World of Warcraft Classic came out a week and a half ago, and man am I loving the hell out of it.
It occurs to me that much of what makes WoW Classic “fun” is not something that is generally associated with the fun of video games. Most of the game play is fairly repetitive — basically minor variations on a few tasks that are fairly simple to execute. One then proceeds from place to place, continually doing these basic tasks over and over with minor variations. This seems very similar to what one did in the ancestral environment to remain alive on a day-to-day level. Wander about to gather wood. Fetch water. Forage for edible plants for hours upon hours.
The key to these tasks is that one doesn’t do them alone. In WoW, as in the ancestral environment, one should always do this with a group of known people. During this time you bullshit. Tell jokes, talk about your day, learn stuff about each other. Gossip. Whatevs. That’s the primary immediate enjoyment I get from WoW as well. I’m in Discord 95%+ of the time, and I spend a lot of time typing in guild-chat or party-chat.
WoW Classic enforces this sort of thing in three ways. First by forcing/encouraging players to group constantly. Much of the game is impossible (or very difficult) if you aren’t working together with other people. This is one of the large ways it differs from the current iteration of Retail World of Warcraft. In Retail, anyone can do basically anything solo, aside from a few arenas set aside for group-sports-only. In Warcraft, this is very hard, and intentionally so. Grouping is a matter of game-survival. In addition, much of the game rewards you for grouping with others even when you don’t need to. Many quests are “kill X monster” types. Five people working close by but separately to kill 5 monsters each would have to kill 25 total, but five people in a group need only kill 5 monsters total as each kill counts for everyone’s quest individually. These two aspects result in a lot of grouping all the time.
Secondly, WoW Classic has a fair bit of sporadic “forced idleness.” There is a lot of “go from point A to point B” quests where all you’re doing is holding down the walk key (or engaging the auto-run). Some times these walks can go on for quite a while. Other times you’re literally waiting for a boat to show up. Or for monsters to respawn when an area has been hunted to barrenness. Or to regenerate health and mana by “eating” after several monster fights in succession. Or or or. What’s a person to do, while doing nothing? You chat with people. It’s a great way to pass a 10-40 second delay in the middle of a task.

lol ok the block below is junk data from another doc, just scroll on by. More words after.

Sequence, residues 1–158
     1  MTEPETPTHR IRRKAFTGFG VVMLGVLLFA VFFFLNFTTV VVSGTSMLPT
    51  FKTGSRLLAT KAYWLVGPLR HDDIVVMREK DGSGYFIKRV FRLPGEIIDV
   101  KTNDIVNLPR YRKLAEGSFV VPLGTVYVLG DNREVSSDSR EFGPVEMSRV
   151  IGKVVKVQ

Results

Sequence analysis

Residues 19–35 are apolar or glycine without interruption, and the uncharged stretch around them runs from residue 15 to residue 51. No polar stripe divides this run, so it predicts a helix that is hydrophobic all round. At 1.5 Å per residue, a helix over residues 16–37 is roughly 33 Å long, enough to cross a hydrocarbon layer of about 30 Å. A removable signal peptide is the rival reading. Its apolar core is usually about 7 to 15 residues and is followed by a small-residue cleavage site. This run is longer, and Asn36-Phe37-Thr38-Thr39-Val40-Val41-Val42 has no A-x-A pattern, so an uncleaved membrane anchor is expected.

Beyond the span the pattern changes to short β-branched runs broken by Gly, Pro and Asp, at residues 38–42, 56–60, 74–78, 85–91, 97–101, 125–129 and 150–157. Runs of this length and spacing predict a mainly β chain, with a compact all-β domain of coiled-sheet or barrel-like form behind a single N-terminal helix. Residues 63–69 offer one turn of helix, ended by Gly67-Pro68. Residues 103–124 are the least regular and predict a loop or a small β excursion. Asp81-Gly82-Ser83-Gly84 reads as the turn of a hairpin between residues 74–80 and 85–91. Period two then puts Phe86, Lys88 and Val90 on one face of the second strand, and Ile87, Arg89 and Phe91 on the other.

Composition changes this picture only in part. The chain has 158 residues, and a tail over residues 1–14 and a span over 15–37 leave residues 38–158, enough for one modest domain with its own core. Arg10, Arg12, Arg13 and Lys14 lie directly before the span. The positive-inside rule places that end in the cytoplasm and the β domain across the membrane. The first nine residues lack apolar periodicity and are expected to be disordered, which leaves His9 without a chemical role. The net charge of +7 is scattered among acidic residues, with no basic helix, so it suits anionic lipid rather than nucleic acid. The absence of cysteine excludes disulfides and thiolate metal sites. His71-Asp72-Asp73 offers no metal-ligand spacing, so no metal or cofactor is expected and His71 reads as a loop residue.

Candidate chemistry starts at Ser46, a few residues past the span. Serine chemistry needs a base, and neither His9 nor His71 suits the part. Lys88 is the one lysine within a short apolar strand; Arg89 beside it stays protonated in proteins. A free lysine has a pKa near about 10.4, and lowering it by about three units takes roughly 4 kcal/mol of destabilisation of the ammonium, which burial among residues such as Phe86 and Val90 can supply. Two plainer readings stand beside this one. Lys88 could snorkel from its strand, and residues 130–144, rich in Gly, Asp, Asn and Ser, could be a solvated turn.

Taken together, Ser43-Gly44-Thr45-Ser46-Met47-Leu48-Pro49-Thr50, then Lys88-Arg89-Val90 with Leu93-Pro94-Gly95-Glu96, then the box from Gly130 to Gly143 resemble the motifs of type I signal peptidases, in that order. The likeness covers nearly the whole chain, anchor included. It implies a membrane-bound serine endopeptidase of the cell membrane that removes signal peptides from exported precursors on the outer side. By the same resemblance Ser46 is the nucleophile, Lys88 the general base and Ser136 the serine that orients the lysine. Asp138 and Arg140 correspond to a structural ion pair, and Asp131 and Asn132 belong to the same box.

Thirdly, the fact that combat isn’t too taxing facilitates chat as well. Many monsters have only a basic attack. Some with have one simple mechanic that’s not hard to deal with. If you type fast, you can even chat in quick snippets in the middle of many combats. If you’re in a Discord voice channel, you don’t have to stop doing anything, just keep killing away while you chat.
Retail WoW has stripped out all these things. In the interest of ever more streamlined gameplay, there are almost no pauses or delays in gaming. You don’t need any help for most content. And fights are superficially “complex” in that you need to be pushing a variety of buttons in reaction to things happening on the screen that gets in the way of chatting.
This sorta thing doesn’t really sound that fun in the abstract. Games are supposed to be very involving, right? It’s weird that it’s fun, but then, it’s not that weird after all. Foraging with your homies was what humanity had to do for many thousands of years to survive. It makes sense that we evolved to enjoy doing it.
Well, it’s also enjoyable because you constantly get rewarded. I’m playing too and right now, at the beginning, everyone lacks money. Because most of the money people earn is spent on mounts and levelling their spells.
So, right now, I’m happy when I find a grey cloth belt worth 20 silver. I’m even happy when I loot a mob and it drops 7 silver instead of the usual 2-5 silver I got from the last few mobs. And you also find things to improve your gear, recipes for professions, stuff that’s useful and rare enough that you don’t get used to it.